Friday, December 18, 2009

Gene therapy

A friend of mine is on the list to go to Manchester, England for gene therapy. The results in the gene testing testing period were pretty amazing-- in fact incredible when it came to brain and lung cancers.

It's really cool how this works. They take your blood and remove t-cells. Then they alter the t-cells genetically so they can seek out and isolate the t cancer cells and kill them. They clone the cells or make thousands of them over a few weeks, then inject them back into the patient. The bad cells are replaced with functional cells.

I guess it could ultimately mean no more chemotherapy or radiation or operations. And that’s something to think about.

Thursday, December 17, 2009

Cancer dream

Last night I had a cancer dream.  I've had a couple in the past, but this one was seemingly so real. I woke up at 3:30 this morning in a panic, feeling my throat and checking my saliva for blood.  And of course it was the worst of cancer in this dream. I haven't really talked about the aftereffects-- psychologically, that is-- of having this disease.  Even though I got lucky and beat cancer, I still find it hard to comprehend what I went through and that I'm still here.  Honestly, I sometimes feel guilty that I survived while so many of my friends didn't.

Monday, December 14, 2009

Another fine mess

It's one thing to listen to the news and watch all the Sunday morning political chat shows; it’s another to actually read and digest the healthcare bill. If you do, you'll find it's a mess. If you're a Democrat, I'm sorry. If you're a Republican, I'm sorry. I always thought your heads were buried in the sand. My bad. That's not where they're buried at all.

I have one question: How do you people sit down?

This was sent to me by my friend Monica: 

Hi Brett,

After reading your latest blog, I decided to take the "Brett Hudson Challenge." Wow. “Where's the reform?” is an understatement! The two things that caught my eye on the first page:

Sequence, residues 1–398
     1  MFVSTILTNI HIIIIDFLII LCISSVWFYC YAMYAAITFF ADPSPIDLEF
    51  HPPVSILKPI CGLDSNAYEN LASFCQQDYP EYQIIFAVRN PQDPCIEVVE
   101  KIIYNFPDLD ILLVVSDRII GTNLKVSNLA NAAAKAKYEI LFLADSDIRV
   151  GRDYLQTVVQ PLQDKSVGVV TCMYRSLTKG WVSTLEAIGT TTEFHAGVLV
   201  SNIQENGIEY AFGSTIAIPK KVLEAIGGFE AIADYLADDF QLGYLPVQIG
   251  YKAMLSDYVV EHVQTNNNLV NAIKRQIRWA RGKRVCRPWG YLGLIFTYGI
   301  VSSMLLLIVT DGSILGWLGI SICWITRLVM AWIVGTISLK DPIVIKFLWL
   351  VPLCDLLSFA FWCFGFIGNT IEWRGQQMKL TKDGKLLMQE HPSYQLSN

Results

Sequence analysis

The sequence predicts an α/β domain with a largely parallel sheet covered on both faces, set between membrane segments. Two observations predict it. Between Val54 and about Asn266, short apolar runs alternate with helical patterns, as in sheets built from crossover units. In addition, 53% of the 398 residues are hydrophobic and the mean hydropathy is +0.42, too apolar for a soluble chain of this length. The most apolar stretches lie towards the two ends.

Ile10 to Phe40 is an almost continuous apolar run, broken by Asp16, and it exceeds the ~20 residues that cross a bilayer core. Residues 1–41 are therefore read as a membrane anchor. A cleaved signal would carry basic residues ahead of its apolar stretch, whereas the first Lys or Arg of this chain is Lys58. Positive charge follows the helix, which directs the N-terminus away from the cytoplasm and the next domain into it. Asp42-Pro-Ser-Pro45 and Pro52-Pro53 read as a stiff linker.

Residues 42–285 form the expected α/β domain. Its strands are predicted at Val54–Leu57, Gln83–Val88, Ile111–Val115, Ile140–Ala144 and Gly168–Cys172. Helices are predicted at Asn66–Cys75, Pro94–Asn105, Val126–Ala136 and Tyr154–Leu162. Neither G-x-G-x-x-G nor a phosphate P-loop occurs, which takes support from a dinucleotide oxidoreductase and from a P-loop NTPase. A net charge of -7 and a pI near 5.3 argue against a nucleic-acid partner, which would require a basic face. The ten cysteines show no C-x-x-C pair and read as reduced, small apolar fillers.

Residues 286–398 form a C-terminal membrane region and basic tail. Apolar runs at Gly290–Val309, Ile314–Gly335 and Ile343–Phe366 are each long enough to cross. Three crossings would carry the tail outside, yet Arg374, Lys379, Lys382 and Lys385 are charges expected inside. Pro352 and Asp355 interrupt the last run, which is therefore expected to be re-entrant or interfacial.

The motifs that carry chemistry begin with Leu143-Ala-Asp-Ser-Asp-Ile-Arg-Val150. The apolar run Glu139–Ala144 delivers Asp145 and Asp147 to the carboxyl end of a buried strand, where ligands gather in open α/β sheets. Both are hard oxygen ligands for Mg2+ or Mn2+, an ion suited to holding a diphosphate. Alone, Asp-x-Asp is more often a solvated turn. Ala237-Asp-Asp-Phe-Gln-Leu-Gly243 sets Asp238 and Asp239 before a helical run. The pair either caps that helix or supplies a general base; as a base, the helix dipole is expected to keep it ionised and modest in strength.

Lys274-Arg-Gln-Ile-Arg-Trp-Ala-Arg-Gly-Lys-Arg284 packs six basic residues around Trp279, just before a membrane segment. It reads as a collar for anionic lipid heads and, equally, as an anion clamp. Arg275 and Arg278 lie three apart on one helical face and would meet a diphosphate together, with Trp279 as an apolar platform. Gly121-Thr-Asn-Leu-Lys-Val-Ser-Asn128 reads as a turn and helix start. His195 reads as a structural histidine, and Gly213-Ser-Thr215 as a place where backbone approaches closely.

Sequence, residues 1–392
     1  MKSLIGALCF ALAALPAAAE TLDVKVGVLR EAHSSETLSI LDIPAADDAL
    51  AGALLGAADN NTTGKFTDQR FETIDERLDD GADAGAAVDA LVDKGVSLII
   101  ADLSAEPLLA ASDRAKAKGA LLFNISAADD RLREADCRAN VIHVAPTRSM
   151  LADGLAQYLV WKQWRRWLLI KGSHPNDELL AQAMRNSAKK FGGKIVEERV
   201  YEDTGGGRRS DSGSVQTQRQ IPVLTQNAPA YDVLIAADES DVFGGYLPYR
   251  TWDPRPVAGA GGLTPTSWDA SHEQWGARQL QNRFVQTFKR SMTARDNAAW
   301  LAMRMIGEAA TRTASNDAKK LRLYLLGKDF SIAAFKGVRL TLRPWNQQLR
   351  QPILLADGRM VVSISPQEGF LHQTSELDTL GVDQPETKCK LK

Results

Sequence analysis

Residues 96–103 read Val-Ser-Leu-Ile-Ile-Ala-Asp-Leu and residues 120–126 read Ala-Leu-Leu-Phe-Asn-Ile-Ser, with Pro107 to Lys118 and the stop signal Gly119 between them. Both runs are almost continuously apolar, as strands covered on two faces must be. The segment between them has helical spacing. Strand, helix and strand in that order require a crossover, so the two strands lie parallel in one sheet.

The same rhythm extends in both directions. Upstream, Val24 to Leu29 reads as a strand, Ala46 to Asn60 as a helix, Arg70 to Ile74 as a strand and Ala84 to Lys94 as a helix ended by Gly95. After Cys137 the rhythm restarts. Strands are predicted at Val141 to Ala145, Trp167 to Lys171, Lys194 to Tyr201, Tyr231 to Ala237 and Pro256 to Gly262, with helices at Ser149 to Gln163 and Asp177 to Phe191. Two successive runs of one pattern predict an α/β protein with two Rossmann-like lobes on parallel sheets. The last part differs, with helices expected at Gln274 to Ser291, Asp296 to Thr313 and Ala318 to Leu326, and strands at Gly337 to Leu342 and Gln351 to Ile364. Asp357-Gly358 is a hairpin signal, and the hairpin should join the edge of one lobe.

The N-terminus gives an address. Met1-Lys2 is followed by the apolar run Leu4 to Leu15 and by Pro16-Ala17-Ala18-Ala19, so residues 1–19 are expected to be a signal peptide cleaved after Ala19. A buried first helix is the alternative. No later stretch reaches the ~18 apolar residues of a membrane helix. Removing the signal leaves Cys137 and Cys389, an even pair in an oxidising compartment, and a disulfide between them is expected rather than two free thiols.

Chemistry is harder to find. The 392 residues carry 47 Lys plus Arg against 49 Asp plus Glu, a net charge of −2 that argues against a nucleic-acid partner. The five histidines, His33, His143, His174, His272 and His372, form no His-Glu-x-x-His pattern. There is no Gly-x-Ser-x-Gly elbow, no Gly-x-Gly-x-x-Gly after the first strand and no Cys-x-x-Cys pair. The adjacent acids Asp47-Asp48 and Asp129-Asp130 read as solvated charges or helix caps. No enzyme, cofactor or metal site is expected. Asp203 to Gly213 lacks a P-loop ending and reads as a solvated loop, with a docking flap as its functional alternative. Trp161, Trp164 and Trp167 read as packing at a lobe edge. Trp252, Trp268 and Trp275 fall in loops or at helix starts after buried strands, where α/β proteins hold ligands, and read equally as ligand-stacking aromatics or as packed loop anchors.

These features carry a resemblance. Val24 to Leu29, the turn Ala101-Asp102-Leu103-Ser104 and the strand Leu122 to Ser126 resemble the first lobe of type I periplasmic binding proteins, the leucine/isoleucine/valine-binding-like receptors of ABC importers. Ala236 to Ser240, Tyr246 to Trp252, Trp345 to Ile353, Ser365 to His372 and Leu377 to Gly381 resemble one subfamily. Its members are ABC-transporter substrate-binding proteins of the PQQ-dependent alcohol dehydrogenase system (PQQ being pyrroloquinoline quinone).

* Purpose: In the nature of a substitute. 

* To amend the Internal Revenue Code of 1986 to modify the first-time homebuyers credit in the case of members of the Armed Forces and certain other Federal employ-- politicalese --and for other purposes. 

Brett, this bill is more of an overhaul of the federal statute defining the federal tax code. The health care system will become just another tax that we must pay.

This is my favorite tax so far:

(a) IN GENERAL.—Subtitle D of the Internal Revenue Code of 1986, as amended by this Act, is amended by adding at the end the following new chapter:
‘‘Sec. 5000B. Imposition of tax on elective cosmetic medical procedures.
‘‘(a) IN GENERAL.—There is hereby imposed on any cosmetic surgery and medical procedure a tax equal to 5 percent of the amount paid for such procedure (determined without regard to this section), whether paid by insurance or otherwise.
‘‘(b) COSMETIC SURGERY AND MEDICAL PROCEDURE.—For purposes of this section, the term ‘cosmetic surgery and medical procedure’ means any cosmetic surgery (as defined in section 213(d)(9)(B)) or other similar procedure which—
‘‘(1) is performed by a licensed medical professional, and ‘‘(2) is not necessary to ameliorate a deformity arising from, or directly related to, a congenital abnormality, a personal injury resulting from an accident or trauma, or disfiguring disease.
‘‘(1) IN GENERAL.—The tax imposed by this section shall be paid by the individual on whom the procedure is performed.
‘‘(2) COLLECTION.—Every person receiving a payment for procedures on which a tax is imposed under subsection (a) shall collect the amount of the tax from the individual on whom the procedure is performed and remit such tax quarterly to the Secretary at such time and in such manner as provided by the Secretary.